Since the inception of the field of international business (IB), scholars have argued how firms might address the tension between local adaptation and global interconnectedness in their strategy to compete in a global setting effectively. In today’s complex and competitive landscape, many multinational corporations (MNCs) are subjected to a multitude of logistics in their strategic initiatives, resulting in three major tensions: the coordination of multiple markets, local adaptation–global integration, and social–commercial pressures.
Following these stretches, there are generally various competing needs relating to the integration of multiple markets, such as adjustment or independence, which must be met. The basic conflict between these local and global tendencies might be defined as contradictory in the respect that it is related to aims that are at odds with one another but are interdependent. Some subsidiaries accept tensions and respond with differentiation or integration methods, but others reject tensions and respond with activities such as rejection, challenging, or attacking the parent organization.
Multinational companies are mainly focused on diversifying their operations by investing in multiple markets. For this purpose, a corporation established different subsidiaries to operate in its several investment regions. One of the key roles of the subsidiaries entails opening different operation centers in their regions. Cultural, economic, and political variations exist between markets, posing a significant challenge to executives in subsidiaries in coordinating business operations in multiple markets.
This creates tension since the headquarter (HQ) places targets on each subsidiary demanding continuous growth and multi-market operations. Market analysis and resource allocations play an important role in this tension. While the HQ may have a superficial idea of the market conditions, subsidiaries working on the ground are faced with limitations on allocating the given resources to multiple ventures, given the market constraints. This conflict can be addressed by improving HQ-subsidiary communication and giving subsidiaries more power to decide which markets to operate in.
Some conflicts involving local integration and global adaptability seem counterintuitive, but the majority of them present themselves in interactions between corporate headquarters and subsidiaries. For example, there are conflicts in the domains of freedom and control, knowledge production and sharing, connection and isolation, creativity and compliance, and internal and external inclusion.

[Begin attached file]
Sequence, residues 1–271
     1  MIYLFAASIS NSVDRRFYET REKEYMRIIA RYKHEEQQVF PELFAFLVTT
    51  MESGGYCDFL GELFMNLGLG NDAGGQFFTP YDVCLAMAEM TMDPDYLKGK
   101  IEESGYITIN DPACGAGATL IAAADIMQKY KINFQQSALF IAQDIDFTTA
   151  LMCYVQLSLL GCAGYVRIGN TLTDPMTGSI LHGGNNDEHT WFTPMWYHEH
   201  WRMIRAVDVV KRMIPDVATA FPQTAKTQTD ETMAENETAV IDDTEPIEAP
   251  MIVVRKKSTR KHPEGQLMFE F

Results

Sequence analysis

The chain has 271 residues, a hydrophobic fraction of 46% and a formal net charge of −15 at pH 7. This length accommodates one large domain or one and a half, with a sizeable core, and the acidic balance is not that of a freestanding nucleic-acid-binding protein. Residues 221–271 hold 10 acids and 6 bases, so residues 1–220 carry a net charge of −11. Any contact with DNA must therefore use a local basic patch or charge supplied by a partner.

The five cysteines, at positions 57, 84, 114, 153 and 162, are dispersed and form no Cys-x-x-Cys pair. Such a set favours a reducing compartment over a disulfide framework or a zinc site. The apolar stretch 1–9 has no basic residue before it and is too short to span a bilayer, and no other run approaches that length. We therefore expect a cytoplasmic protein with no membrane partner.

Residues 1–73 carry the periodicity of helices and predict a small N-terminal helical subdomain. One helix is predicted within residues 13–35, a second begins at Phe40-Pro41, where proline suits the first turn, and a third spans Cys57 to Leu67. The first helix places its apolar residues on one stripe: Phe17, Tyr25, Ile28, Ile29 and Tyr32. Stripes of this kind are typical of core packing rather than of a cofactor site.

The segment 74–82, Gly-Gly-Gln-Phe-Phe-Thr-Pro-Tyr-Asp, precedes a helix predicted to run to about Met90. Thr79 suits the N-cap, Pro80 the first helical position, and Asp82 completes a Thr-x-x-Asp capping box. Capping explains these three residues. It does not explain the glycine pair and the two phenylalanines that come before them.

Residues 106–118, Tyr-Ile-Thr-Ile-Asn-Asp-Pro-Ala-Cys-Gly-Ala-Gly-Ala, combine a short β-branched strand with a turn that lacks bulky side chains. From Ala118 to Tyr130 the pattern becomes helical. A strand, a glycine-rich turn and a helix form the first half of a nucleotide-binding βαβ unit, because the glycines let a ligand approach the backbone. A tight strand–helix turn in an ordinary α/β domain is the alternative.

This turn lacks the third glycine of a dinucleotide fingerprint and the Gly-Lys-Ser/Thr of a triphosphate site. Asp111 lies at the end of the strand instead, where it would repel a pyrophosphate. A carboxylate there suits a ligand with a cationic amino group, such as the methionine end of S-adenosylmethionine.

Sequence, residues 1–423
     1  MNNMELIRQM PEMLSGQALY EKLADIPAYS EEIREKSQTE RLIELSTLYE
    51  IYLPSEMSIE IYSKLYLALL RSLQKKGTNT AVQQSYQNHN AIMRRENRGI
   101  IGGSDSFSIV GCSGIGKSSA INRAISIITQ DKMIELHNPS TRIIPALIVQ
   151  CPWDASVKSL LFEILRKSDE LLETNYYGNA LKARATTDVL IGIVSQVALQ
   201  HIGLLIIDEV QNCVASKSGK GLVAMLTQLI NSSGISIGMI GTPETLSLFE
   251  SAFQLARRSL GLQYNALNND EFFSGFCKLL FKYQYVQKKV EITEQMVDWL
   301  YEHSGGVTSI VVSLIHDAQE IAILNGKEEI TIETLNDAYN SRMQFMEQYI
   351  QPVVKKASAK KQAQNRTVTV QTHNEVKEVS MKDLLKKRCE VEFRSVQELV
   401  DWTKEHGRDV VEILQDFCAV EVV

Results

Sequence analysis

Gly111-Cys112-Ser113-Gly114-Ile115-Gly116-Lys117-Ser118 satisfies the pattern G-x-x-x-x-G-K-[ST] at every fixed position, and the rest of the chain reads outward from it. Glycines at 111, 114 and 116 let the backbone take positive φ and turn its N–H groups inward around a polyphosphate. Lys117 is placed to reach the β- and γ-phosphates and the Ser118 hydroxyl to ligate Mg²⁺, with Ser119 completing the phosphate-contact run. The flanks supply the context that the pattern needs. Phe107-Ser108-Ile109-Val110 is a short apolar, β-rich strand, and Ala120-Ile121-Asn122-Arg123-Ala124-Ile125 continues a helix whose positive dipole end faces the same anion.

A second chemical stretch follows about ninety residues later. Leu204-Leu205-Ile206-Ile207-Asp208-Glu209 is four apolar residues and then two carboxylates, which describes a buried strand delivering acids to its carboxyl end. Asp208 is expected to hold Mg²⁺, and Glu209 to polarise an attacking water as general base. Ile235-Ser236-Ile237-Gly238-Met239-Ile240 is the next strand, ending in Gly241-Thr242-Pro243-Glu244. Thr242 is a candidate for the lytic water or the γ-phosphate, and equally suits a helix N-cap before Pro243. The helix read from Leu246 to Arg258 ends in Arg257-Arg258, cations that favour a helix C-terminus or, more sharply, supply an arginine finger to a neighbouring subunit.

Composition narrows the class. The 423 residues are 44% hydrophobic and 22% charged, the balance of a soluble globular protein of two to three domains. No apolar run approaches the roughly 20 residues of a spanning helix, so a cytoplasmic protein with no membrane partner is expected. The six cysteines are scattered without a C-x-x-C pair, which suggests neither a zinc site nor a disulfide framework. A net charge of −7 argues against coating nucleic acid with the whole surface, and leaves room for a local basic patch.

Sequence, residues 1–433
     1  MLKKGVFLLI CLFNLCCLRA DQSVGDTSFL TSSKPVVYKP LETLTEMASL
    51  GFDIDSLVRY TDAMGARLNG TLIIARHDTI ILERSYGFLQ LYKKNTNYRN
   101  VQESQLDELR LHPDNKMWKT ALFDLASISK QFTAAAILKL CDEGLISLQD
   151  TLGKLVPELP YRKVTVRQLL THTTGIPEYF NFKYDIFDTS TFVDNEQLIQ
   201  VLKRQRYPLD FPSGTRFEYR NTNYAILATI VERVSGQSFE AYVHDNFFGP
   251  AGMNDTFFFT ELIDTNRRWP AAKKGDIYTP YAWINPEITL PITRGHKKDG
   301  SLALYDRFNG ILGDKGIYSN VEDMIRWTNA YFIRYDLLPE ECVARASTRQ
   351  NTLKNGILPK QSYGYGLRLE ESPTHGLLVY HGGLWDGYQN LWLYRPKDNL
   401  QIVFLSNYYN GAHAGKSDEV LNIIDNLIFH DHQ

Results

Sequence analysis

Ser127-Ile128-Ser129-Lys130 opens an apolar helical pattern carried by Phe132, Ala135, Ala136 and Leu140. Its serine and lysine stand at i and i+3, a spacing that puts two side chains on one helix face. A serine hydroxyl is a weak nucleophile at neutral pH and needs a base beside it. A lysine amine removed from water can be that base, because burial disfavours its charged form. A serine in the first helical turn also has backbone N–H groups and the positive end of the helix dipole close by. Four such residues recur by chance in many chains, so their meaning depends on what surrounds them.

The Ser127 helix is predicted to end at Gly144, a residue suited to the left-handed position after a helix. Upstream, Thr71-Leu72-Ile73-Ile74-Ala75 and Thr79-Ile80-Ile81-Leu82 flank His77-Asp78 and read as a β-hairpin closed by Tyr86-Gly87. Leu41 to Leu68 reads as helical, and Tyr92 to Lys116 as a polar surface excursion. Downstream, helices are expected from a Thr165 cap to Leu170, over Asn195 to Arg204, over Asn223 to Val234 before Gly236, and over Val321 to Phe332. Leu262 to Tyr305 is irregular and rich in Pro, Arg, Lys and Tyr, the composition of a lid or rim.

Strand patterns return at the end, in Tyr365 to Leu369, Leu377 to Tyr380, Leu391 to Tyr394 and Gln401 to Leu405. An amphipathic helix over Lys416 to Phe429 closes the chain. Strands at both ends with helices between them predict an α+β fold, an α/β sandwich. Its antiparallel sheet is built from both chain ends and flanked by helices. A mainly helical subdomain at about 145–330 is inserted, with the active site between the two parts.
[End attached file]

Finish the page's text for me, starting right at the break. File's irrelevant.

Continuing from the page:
These conflicting points revolve around the requirement placed on subsidiaries to advance HQ goals and missions in their regions of operation. To meet this managerial issue, it is necessary to create an integrated network that is decentralized, specialized, and interconnected. The contribution of subsidiaries to the competitive advantage might be significant if the headquarters are dynamic in the modification of roles and duties in accordance with external conditions and internal capabilities.
Recently, various studies have called for multinational corporations (MNCs) to play dual business and social growth roles. Among these are the involvement of multinational corporations (MNCs) in poverty reduction and the supply of collective goods, understanding that these contributions to social wellbeing can be accelerated by managerial action. Part of this conflict arises from the business requirement to support the global sustainable development goals (SDGs).
Since social conditions differ in different regions, this conflict can be handled by fostering inter-organizational collaborations. These collaborations will help subsidiaries to understand and effectively address societal challenges while maintaining their connection to the HQ. Although subsidiaries better understand local conditions, their operations are limited by HQ control, denoting the importance of effective communication and HQ-subsidiary collaboration.